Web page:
Cetyl ethylhexanoate is a synthetic ingredient that is used in a variety of cosmetics and personal care products as a skin and hair emollient, as well as a texture enhancer.
Cetyl ethylhexanoate is a synthetic ester of cetyl alcohol and 2-ethylhexanoic acid. Cetyl alcohol is a fatty alcohol produced through the reduction of palmitic acid, which is obtained from palm oil. Cetyl alcohol is commonly used in cosmetic formulation as an emollient, emulsifier, thickener, and surfactant. 2-ethylhexanoic acid is a carboxylic acid that is widely used to prepare lipophilic metal derivatives that are soluble in nonpolar organic solvents.
Cetyl ethylhexanoate is an odorless, colorless liquid that is insoluble in water, but freely miscible with vegetable, mineral, and synthetic oils and fats. It is often used as a base oil in the production of a wide variety of cosmetics and personal care products. For example, it can be found in products such as makeup remover, lipstick, foundation, facial moisturizer, anti-aging treatment, lip/eye liner, hair conditioner, and eye shadow. This ingredient should not be confused with cetearyl ethylhexanoate, which has a similar chemical composition but slightly different properties and safety.
In cosmetics and personal care products, cetyl ethylhexanoate functions as a skin and hair emollient, as well as a texture enhancer.
As an emollient, cetyl ethylhexanoate works to soften, soothe, and lubricate the skin. It also acts as an occlusive agent by forming a protective, water-repelling film on the surface of skin. The film helps to prevent evaporation of the skin’s natural moisture. Over time, this increases skin hydration by causing buildup of water in the stratum corneum (the uppermost layer of skin). Using a product that contains cetyl ethylhexanoate can help to improve symptoms such as skin dryness and flaking.
Cetyl ethylhexanoate is often used in hair care products due to its emollient properties. By coating the hair with a protective film, this ingredient provides increased slip between adjacent hair strands, which makes detangling easier. Cetyl ethylhexanoate further reduces tangling by smoothing and flattening the cuticle surface, which can also add shine and gloss to the hair. It leaves the hair feeling soft and silky without weighing it down or making it feel greasy.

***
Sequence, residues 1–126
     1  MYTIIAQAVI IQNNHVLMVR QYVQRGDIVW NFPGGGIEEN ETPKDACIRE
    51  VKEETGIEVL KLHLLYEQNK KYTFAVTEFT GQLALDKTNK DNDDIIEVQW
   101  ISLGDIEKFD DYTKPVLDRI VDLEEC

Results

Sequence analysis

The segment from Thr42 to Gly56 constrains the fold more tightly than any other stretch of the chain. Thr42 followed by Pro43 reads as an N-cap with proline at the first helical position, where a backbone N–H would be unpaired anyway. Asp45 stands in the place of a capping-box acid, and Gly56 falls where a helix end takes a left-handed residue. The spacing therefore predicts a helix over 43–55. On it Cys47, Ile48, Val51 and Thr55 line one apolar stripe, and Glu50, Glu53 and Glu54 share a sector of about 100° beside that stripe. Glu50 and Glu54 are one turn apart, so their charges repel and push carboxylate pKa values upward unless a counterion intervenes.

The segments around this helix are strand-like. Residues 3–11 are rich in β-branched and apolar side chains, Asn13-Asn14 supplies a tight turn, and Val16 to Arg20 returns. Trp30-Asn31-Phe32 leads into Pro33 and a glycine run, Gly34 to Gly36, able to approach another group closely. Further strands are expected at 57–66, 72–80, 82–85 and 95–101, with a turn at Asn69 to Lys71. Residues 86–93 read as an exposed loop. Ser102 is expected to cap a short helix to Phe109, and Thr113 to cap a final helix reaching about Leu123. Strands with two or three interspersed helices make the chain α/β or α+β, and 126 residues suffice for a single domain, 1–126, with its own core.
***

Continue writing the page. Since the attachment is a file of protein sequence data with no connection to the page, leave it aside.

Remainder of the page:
As a texture enhancer, cetyl ethylhexanoate improves the spreadability of a product and provides a velvety and silky feel to the skin that is non-greasy. Cetyl ethylhexanoate also imparts water-repelling characteristics to cosmetics and personal care products. It has exceptional clarity and low odor, making it ideal for fragranced products. Cetyl ethylhexanoate is also recommended for dry oil sprays, makeup removers, matte finish makeup, and for inclusion in moisturizers for oily skin.
Cetyl ethylhexanoate can improve the fluidity of emulsions, which modifies the product’s rheology. Rheology can be defined as “the science or study of how things flow”, and it is a requirement of personal care products that they flow in the right way. For example, a skin cream should have a rich, thick appearance in the jar, but should be capable of being easily picked up and spread into the skin. Thus, cetyl ethylhexanoate can be added to a formulation to adjust the product flow.
The Cosmetic Ingredient Review (CIR) Expert Panel (Panel) assessed the safety of 16 alkyl ethylhexanoates, including cetyl ethylhexanoate, as used in cosmetics. The highest concentration of use reported for any of the alkyl ethylhexanoates is 77.3% cetyl ethylhexanoate in rinse-off formulations used near the eye, and the highest leave-on use reported is 52% cetyl ethylhexanoate in lipstick formulations.
The Panel reviewed available animal and clinical data related to these ingredients. Due to the similarities in structure, properties, functions, and uses of ingredients from previous CIR assessments on constituent alcohols, the Panel was able to extrapolate the available toxicological data to assess the safety of the entire group. The Panel concluded that these ingredients are safe in cosmetic formulations in the present practices of use and concentrations when formulated to be non-irritating.
References: Wikipedia, “Cetyl alcohol”, Wikipedia, “2-ethylhexanoic acid”, Truth In Aging, “Cetyl ethylhexanoate”, Naturally Curly, “Hair Moisturizer vs. Emollients”, 2013, Cosmetic Science Technology, “Rheology Modifiers for Skin Care Applications”, 2007, Cosmetic Ingredient Review, “Amended Safety Assessment of Alkyl Ethylhexanoates as Used in Cosmetics”, 2013.